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RSPCA reports a higher percentage increase in animal cruelty in Suffolk than nationally

Cases of animal cruelty in Suffolk reported to the RSPCA rose by 20 per cent last year, to 132.

That’s six per cent higher than the national increase in intentional harm to animals, which stood at 14 per cent.

The kinds of practices include beatings, mutilations such as ear cropping, poisoning and even killings.

Animal cruelty in Suffolk rose by more than the national level. Photo: RSPCA
Animal cruelty in Suffolk rose by more than the national level. Photo: RSPCA

Adam Jones, RSPCA chief inspector for Suffolk, called the statistics ‘heartbreaking’.

He continued: “While we don’t know for certain why there has been an increase in reports of cruelty, the cost-of-living crisis and the post-pandemic world has created an animal welfare crisis, with more people getting pets with potentially less time and money to care for them.

“Each year, these reports of cruelty reach its terrible annual peak in the summer months – when, nationally, we receive a report of an animal being beaten on average every hour of every day.

“The cost-of-living crisis also means the cost of rescuing animals is at an all-time high and our vital services are stretched to the limit.”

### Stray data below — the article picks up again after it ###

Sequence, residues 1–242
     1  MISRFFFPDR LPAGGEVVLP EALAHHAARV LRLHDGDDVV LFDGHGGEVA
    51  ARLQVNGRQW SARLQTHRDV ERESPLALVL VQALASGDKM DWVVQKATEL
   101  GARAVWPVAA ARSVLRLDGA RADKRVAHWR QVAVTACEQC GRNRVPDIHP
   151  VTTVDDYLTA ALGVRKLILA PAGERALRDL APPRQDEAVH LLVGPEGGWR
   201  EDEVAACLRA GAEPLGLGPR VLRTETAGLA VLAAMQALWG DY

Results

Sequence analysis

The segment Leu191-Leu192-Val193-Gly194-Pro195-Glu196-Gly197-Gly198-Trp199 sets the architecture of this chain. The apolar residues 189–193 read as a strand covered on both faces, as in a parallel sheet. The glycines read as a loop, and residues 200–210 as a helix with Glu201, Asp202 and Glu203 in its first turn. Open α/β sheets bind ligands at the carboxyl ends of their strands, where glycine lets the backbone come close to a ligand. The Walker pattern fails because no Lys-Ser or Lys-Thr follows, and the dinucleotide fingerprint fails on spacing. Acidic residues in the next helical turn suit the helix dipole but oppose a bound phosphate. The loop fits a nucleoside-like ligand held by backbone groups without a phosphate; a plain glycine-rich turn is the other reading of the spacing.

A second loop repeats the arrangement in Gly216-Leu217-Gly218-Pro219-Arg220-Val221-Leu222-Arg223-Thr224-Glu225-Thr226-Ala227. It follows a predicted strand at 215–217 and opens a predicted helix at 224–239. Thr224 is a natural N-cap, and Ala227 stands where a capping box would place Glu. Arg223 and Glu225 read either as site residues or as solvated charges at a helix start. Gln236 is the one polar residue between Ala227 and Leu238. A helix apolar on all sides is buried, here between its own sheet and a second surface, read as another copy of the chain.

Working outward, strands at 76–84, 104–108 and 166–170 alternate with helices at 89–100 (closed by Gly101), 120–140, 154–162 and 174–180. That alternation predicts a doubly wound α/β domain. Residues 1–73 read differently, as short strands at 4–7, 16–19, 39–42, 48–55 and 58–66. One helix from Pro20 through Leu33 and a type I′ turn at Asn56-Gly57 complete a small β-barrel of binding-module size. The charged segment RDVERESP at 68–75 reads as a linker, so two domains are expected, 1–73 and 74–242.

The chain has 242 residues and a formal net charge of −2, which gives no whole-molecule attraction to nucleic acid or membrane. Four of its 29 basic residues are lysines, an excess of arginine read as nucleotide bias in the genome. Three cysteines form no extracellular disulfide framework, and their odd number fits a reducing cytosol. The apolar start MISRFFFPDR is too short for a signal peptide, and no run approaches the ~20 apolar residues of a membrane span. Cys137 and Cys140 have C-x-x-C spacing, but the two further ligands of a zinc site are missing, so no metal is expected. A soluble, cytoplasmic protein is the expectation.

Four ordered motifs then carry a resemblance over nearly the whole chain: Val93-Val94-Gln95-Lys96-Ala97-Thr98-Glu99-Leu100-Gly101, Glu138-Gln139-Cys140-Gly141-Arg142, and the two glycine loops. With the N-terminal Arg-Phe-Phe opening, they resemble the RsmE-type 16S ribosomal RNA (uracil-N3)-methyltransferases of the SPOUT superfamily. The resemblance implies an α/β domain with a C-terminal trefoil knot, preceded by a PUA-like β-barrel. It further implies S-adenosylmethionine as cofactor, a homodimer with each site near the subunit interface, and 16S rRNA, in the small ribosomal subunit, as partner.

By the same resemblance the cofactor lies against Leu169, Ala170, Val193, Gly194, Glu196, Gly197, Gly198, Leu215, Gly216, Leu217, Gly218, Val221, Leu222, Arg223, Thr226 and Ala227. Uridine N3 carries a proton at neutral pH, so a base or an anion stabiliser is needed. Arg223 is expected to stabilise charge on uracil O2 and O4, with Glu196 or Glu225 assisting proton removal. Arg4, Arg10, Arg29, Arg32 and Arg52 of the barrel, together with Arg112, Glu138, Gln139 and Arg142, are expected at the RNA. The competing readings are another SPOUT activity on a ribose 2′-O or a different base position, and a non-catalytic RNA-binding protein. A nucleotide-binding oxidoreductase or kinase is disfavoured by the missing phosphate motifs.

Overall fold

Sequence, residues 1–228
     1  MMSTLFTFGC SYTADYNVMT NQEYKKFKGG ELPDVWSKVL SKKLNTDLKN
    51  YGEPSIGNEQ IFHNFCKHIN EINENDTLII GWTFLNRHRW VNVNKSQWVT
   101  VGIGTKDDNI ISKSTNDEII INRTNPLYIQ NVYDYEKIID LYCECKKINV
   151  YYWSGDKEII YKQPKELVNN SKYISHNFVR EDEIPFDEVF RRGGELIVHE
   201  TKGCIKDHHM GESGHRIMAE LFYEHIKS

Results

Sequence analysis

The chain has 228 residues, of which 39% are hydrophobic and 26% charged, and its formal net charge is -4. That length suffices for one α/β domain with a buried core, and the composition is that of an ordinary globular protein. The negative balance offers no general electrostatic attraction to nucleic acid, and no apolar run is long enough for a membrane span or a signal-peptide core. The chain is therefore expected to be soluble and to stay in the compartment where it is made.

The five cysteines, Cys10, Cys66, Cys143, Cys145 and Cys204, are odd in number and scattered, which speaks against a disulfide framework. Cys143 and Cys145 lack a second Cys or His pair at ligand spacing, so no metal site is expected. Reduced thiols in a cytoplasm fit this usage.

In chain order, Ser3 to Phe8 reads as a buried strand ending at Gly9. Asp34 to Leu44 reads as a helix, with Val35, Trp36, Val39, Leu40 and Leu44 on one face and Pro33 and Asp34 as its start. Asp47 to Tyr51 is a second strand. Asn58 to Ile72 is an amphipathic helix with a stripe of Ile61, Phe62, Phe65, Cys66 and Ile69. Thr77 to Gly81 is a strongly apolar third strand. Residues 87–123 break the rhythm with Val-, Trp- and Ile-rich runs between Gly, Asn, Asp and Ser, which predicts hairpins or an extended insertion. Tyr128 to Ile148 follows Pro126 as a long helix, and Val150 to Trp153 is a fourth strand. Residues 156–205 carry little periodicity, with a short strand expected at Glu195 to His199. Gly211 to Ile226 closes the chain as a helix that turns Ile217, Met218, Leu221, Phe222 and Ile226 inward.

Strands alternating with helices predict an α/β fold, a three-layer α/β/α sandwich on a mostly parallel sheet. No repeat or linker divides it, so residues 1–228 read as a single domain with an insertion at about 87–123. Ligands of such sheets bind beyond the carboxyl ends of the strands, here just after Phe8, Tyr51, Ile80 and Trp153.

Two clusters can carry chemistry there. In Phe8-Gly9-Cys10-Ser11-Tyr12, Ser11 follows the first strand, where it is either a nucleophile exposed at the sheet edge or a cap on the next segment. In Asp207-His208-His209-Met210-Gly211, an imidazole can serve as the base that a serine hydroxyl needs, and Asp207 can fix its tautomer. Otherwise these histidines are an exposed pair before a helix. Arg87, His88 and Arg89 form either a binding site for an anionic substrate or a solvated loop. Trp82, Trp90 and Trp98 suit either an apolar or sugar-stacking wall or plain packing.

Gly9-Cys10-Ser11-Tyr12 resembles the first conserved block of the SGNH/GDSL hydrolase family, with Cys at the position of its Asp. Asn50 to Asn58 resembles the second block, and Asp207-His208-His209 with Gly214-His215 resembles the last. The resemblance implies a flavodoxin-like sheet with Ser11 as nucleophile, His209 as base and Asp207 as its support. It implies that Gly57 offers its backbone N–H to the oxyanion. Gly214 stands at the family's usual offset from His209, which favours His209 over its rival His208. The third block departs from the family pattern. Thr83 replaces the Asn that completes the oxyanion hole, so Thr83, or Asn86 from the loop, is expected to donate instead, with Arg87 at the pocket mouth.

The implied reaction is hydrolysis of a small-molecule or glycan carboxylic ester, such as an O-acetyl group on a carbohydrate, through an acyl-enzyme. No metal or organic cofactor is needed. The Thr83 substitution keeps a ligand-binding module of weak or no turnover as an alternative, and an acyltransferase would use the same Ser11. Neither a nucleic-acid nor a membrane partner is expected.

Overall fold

It is not known why reports of animal cruelty peak in the summer months although factors like animal abuse being more visible as people are outdoors more, could be one factor.

Nationally, out of all cruelty complaints reported to the charity 2022, 77 per cent were beatings. This kind of abuse also increased by 22 per cent last year.

The number of animals killed in ‘suspicious circumstances’ increased by 15 per cent in 2022.

The RSPCA has launched a Cancel Out Cruelty campaign, to raise funds to help its frontline rescue teams continue to save animals from cruelty and abuse – and to raise awareness about how to stop cruelty to animals.

Adam added: “Together, we believe we can and will cancel out cruelty to animals by replacing violence with kindness.”